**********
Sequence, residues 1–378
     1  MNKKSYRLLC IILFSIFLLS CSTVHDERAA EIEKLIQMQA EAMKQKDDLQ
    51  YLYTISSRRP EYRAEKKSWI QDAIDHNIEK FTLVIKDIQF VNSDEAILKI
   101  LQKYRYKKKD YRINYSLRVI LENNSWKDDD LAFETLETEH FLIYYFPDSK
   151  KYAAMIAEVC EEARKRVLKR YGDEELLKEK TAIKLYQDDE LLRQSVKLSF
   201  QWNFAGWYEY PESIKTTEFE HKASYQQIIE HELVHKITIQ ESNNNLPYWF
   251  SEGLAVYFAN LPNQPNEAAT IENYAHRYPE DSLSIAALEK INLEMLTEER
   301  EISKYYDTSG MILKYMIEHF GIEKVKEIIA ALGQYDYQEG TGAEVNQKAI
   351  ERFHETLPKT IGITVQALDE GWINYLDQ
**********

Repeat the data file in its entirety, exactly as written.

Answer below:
Sequence, residues 1–378
     1  MNKKSYRLLC IILFSIFLLS CSTVHDERAA EIEKLIQMQA EAMKQKDDLQ
    51  YLYTISSRRP EYRAEKKSWI QDAIDHNIEK FTLVIKDIQF VNSDEAILKI
   101  LQKYRYKKKD YRINYSLRVI LENNSWKDDD LAFETLETEH FLIYYFPDSK
   151  KYAAMIAEVC EEARKRVLKR YGDEELLKEK TAIKLYQDDE LLRQSVKLSF
   201  QWNFAGWYEY PESIKTTEFE HKASYQQIIE HELVHKITIQ ESNNNLPYWF
   251  SEGLAVYFAN LPNQPNEAAT IENYAHRYPE DSLSIAALEK INLEMLTEER
   301  EISKYYDTSG MILKYMIEHF GIEKVKEIIA ALGQYDYQEG TGAEVNQKAI
   351  ERFHETLPKT IGITVQALDE GWINYLDQ